Celebrate National Watermelon Day

If you haven’t already enjoyed America’s most consumed melon this summer, August is the perfect time to start. August 3rd is National Watermelon Day!

First harvested 5000 years ago in Egypt where it still grows wild today, the drought-tolerant watermelon was prized for its ability to hold large amounts of fluid in a convenient package. It made the perfect companion for long treks in the desert! Today, 96 countries cultivate watermelon across the globe. China is the world’s top producer because Asian cuisine makes use of all parts of the melon. The rind is commonly used as a vegetable in stir-fries, pickles, and stews!

Watermelon is nutritious

Watermelon is a nutrient-dense plant food, and therefore, part of the foundation of a healthy diet. The nutrient components of watermelon work together to provide a synergistic effect that boosts nutrient absorption and supports health.

At 92% water by weight, watermelon can (and should!) serve as a source of hydration on hot summer days. A standard two-cup serving of cubed watermelon (about two wedges) provides a nearly equal amount of water and 25% of the daily recommendation for vitamin C. You’ll also get all 2 cups of your daily recommended fruit servings. Watermelon is a source of potassium, a nutrient that many people don’t eat enough of but is needed to balance sodium (salt) in the body. You’ll also find vitamin A from beta-carotene and vitamin B1, vitamin B6, and magnesium—nutrients that support immune system function, normal nerve function, healthy skin, and red blood cell formation.

Watermelon supports health

Watermelon’s distinctive red color comes from a carotenoid called lycopene, which is also found in tomatoes and other red-hued fruits and vegetables. Unlike in tomatoes, the lycopene in watermelon is available directly to the body and does not require heat treatment for absorption. Lycopene is an antioxidant, so it can neutralize damaging free radicals in the body, supporting normal cell growth and division. Lycopene is also known to protect against macular disorders (of the eye) and may impart protection to skin from ultraviolet rays. Research shows that eating lycopene-rich foods can help maintain a healthy blood pressure level and lower risk of some cancers, including prostate and breast cancer.

Boundless watermelon varieties

Although August has a day dedicated to Watermelon, you can enjoy it year-round thanks to complementary growing seasons in North and South America. More than 300 varieties are grown in these locations alone! Picnic, icebox, yellow flesh, and seedless are the most commonly eaten varieties, although 1200 more exist thanks to simple crossbreeding techniques.

To understand why so many watermelon varieties exist, consider the well-known seedless version. Around 50 years ago, watermelon breeders discovered that crossing a watermelon plant that has two sets of chromosomes with a watermelon plant that has four sets of chromosomes produces a plant with three sets of chromosomes. These plants make fruit with non-mature seeds (i.e., the white, empty seed coats found in “seedless” varieties). Non-matured seeds are safe and much easier to eat than the large black seeds in classic watermelon. Seedless watermelons are known as sterile hybrids, meaning their seeds are incapable of reproduction. It’s the plant equivalent of crossing a horse with a donkey to create a mule.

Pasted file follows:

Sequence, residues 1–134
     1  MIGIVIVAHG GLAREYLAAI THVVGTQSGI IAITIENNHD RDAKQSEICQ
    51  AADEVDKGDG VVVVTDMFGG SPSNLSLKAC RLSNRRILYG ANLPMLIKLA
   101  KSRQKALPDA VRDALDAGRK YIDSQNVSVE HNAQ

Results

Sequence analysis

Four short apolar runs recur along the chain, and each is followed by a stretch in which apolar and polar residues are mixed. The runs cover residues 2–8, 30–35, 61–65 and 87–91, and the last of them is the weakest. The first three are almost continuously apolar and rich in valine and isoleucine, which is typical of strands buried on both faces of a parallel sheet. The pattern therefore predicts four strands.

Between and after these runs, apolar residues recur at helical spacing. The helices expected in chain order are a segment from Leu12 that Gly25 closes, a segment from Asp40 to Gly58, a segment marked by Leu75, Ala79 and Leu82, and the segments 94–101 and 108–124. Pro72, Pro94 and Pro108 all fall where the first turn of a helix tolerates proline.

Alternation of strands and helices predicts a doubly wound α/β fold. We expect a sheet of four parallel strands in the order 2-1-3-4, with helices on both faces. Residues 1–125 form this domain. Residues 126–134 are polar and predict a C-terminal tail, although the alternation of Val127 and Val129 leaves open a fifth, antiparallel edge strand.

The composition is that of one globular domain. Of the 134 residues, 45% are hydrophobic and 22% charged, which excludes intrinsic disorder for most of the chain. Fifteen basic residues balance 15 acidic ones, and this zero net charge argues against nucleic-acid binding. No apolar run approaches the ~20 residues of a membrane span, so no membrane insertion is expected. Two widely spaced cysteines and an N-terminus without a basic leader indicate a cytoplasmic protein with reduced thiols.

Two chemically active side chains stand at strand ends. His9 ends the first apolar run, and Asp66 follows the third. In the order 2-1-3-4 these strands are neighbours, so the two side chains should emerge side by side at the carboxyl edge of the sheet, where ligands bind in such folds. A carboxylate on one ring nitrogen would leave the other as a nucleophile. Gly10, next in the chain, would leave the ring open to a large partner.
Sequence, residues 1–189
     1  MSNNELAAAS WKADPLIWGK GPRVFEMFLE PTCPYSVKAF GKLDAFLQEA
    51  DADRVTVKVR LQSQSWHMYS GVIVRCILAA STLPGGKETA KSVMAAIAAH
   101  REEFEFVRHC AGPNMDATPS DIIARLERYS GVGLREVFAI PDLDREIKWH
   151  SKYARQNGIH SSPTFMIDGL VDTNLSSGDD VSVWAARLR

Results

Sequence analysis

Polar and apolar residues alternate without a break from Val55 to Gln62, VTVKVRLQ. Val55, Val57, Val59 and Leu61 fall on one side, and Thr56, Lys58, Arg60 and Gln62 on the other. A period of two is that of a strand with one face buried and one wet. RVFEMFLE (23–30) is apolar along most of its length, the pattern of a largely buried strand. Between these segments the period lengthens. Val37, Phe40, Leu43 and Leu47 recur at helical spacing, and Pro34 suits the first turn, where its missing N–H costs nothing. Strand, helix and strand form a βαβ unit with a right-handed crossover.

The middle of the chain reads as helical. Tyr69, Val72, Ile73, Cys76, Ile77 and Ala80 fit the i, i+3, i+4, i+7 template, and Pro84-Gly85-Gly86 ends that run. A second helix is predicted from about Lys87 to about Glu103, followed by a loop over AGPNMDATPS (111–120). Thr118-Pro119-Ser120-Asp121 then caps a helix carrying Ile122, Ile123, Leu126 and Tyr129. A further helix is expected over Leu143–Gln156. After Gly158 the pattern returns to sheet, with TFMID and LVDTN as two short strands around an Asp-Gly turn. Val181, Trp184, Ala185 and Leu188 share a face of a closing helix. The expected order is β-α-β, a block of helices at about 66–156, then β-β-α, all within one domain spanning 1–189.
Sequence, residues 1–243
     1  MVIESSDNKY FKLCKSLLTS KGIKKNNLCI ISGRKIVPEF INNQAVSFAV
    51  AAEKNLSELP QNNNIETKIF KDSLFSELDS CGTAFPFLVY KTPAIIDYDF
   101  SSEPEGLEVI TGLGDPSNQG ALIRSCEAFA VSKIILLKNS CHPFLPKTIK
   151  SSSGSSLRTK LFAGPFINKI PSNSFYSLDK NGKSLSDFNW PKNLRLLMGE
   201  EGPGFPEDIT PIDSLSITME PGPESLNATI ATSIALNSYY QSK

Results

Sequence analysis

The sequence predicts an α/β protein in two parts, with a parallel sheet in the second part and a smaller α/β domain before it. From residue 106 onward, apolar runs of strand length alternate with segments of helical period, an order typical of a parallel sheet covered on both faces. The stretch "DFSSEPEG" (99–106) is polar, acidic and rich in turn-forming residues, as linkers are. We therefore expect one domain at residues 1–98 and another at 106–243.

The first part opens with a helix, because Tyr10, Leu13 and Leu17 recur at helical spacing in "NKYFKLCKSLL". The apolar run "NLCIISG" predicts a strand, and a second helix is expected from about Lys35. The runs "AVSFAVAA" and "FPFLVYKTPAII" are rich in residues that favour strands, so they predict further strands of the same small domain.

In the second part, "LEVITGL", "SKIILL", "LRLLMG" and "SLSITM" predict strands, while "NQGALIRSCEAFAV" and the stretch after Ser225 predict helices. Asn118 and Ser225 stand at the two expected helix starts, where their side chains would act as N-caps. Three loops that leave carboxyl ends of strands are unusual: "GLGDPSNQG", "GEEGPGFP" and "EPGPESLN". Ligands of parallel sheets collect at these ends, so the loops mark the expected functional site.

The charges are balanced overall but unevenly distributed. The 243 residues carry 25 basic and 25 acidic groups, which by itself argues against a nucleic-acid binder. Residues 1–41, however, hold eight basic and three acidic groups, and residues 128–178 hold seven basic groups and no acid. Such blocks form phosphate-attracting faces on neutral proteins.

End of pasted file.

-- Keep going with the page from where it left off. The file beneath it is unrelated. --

Simple crossbreeding techniques have allowed breeders to select specific traits in many different plants and animals on a commercial scale well before genetic engineering emerged in the 1960s. In fact, many of today’s commonly eaten plant foods like oranges, bananas, almonds, blackberries, and strawberries are the result of hybridization. Direct gene modification, however, allows for faster trait selection in much less time. Gene engineering can be tremendously beneficial when certain plants are at-risk for drought, early rotting, or viruses capable of wiping out entire species.

Selection and storage tips

Choose a watermelon that is firm, symmetrical, and free of bruises, cuts, and dents. Watermelon is mostly water and should, therefore, seem heavy for its size. Lastly, look for a yellow spot on its underside—this is where it sat on the ground and ripened.

If you don’t plan to make use of the watermelon rind, get the most from your melon and reduce food waste by choosing a mini version (also called “petite” or “personal”). Mini watermelons contain more flesh and less rind than a classic watermelon, which is about 70% flesh and 30% rind.

An uncut watermelon retains highest levels of nutrients when stored at room temperature, but keep it refrigerated if you bought it that way. Always rinse your melon (and any fruit or vegetable) with clean, running water before preparing since soil and bacteria may still be present on the rind.

Refrigerate sliced watermelon (below 40 degrees) to preserve freshness and prevent bacterial growth. Sliced watermelon will remain fresh for 3-4 days when appropriately refrigerated in an air-tight container. Freezing watermelon for later consumption is not recommended because it will lose its flavor, texture, and color after defrosting. However, frozen watermelon cubes make great ice cubes for fruit-infused waters!

Eat the entire melon!

Watermelon is 100% edible, although modern American cuisine doesn’t often make use of the rind. Try the recipes below to experience all components of the watermelon in unique ways. But if you ask us, simple wedges or cubes are the way to go! You could also throw a few wedges on the grillover moderate heat for 2-3 minutes on each side until sear marks develop, then serve on its own for a super sweet dessert!

Source: watermelon.org

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